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Santa Monica Moves Toward More Control of Coastal Permitting

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Convention and Visitors Bureau Santa Monica

By Jonathan Friedman
Associate Editor

January 11, 2016 -- For several decades, people with development projects near the Santa Monica coast have needed to go to the California Coastal Commission for final approval in the form of a coastal permit.

This could soon change if the City is successful in updating a two-document package known as the Local Coastal Program (LCP).

A certified LCP, which needs approval from the City Council and the Coastal Commission, would allow most coastal permits to be approved locally.

Santa Monica adopted an LCP in 1992, but the Coastal Commission did not certify it because of disagreements on restrictions to hotels and restaurants among other matters, according to a City staff report.

The LCP includes a Land Use Plan (LUP) and the Implementation Plan, two documents that cover various planning and zoning rules for the Coastal Zone.

The Coastal Zone is a 1.5-square-mile portion of Santa Monica stretching from the Pacific Ocean to Fourth Street (north of Pico Boulevard) and Lincoln Boulevard (south of Pico).

Santa Monica began the LCP update process recently, with an aim to reach certification this time.

The City received a $225,000 grant from the Coastal Commission for the update process, which Senior Planner Elizabeth Bar-El says is an indication the State agency has an interest in it being successful this time.

Bar-El introduced the update process to the Santa Monica Planning Commission on Wednesday, and said the City has its reasons for wanting to do this.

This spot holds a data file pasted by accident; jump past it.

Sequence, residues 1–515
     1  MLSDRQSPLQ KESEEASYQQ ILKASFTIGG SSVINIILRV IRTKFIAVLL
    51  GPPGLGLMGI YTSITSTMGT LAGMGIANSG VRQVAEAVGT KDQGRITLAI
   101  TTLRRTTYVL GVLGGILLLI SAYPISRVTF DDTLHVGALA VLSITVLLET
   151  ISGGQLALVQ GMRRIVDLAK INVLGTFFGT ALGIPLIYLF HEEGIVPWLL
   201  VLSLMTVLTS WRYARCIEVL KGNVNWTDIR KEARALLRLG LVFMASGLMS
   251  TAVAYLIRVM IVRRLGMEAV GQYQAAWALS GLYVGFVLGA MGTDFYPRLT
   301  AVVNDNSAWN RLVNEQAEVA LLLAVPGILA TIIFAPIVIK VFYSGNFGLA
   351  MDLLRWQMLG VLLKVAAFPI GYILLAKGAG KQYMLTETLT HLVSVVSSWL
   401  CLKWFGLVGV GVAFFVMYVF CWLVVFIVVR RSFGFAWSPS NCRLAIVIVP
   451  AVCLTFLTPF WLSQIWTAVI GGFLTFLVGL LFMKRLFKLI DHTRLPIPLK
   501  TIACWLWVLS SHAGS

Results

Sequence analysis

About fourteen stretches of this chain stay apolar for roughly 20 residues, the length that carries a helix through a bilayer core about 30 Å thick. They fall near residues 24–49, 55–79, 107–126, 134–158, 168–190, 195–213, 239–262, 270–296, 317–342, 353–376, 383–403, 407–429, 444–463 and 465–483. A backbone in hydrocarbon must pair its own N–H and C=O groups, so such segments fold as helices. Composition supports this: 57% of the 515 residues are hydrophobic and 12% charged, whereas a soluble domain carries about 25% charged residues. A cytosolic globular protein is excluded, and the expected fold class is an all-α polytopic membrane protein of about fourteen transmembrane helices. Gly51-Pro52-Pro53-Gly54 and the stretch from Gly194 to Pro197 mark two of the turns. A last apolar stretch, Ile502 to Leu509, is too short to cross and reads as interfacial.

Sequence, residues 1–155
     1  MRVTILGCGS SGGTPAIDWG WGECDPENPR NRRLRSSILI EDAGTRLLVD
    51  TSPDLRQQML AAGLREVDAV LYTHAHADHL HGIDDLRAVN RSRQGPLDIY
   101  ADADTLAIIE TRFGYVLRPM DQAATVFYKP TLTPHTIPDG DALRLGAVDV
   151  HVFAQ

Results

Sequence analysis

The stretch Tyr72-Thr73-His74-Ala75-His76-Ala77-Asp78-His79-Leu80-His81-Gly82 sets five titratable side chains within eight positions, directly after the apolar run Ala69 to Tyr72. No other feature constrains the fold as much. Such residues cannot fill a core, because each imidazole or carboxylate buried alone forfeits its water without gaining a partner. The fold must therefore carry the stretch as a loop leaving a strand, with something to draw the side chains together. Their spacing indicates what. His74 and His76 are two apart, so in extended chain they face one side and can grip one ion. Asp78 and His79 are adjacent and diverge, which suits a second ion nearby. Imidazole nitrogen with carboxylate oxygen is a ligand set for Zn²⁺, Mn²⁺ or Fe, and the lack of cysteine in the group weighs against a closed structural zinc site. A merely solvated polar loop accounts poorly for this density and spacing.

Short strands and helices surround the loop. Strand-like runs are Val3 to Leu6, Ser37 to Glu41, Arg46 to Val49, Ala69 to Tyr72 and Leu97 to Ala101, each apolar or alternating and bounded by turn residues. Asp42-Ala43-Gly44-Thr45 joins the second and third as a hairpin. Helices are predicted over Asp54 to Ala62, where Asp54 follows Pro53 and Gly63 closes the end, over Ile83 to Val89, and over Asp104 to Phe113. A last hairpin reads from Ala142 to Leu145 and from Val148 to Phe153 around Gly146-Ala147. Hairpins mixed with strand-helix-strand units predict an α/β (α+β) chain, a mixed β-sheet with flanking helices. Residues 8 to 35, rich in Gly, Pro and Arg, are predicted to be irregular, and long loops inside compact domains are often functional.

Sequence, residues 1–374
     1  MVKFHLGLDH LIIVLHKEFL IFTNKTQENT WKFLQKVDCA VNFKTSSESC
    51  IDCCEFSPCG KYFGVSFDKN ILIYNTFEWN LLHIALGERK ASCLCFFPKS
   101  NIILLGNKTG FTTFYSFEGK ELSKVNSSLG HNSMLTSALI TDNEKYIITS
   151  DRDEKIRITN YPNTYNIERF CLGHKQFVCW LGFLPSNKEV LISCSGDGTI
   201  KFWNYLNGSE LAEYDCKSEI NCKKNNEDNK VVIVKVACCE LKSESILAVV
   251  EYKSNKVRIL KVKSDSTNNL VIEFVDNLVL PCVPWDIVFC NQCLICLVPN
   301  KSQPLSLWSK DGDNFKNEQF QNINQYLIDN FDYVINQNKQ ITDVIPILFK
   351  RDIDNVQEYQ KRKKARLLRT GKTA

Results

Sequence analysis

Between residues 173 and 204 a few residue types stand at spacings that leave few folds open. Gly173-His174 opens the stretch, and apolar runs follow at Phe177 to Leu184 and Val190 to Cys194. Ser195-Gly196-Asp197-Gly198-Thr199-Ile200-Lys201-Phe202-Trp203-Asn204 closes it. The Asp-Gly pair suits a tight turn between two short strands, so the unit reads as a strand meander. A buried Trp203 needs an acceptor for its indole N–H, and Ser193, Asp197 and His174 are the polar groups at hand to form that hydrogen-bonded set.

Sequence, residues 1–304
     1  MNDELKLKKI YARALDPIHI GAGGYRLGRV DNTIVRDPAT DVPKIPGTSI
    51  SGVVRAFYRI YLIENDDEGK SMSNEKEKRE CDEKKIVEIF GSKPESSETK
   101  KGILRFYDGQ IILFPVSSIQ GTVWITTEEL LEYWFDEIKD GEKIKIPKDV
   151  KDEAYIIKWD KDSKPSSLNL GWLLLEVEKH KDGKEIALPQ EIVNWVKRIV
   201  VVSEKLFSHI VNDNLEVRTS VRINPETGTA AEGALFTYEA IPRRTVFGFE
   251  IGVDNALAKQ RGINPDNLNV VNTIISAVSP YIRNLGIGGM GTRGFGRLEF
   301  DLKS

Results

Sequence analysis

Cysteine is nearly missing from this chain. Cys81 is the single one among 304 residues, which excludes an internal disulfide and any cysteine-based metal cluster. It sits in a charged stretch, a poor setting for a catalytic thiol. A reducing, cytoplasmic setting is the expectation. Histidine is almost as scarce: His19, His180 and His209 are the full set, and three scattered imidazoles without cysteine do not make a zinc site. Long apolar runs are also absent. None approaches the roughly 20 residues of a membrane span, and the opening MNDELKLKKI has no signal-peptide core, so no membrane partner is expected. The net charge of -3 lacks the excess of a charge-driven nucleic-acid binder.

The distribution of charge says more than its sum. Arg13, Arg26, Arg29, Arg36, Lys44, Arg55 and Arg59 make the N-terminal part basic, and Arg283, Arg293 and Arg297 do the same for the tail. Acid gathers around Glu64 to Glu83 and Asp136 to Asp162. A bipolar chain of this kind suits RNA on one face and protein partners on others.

For one, the City wants to be in charge of coastal permitting. Also, although the 1992 LCP was not certified by the Coastal Commission, the 12-member panel and its staff use the LUP as a guide for coastal permitting.

“That document is more and more out of sync with what we are and what we do in Santa Monica today,” Bar-El said.

She noted in the past 25 years the City has implemented various zoning and planning documents and is moving toward being a place that encourages people to use other options than vehicles to move around.

A timeline has been established with a goal to reach certification in May 2017. Several hearings and public outreach programs will take place.

City staff is working closely with Coastal Commission staff because, Bar-El said, City officials “are interested in having an ongoing dialogue so that if their staff is leading us in the right way, they’re in tune with what the [Coastal] Commission wants to do and we will avoid [an unsuccessful outcome].”

Bar-El said one disagreement is that the public access-focused Coastal Commission wants more parking spaces next to the beach, something not in line with the City's focus on non-automobile options.

“It’s going to be our job to put together a case how light rail, better pedestrian amenities [and] bike share [are options], not that 1,000 people need 1,000 parking spaces,” she said.

Even if the City is successful with the LCP process this time, the Coastal Commission would remain in control of coastal permits for projects in tidelands, submerged lands and public trust lands.

Also, certain coastal permits approved at the City level could be appealed to the Coastal Commission.


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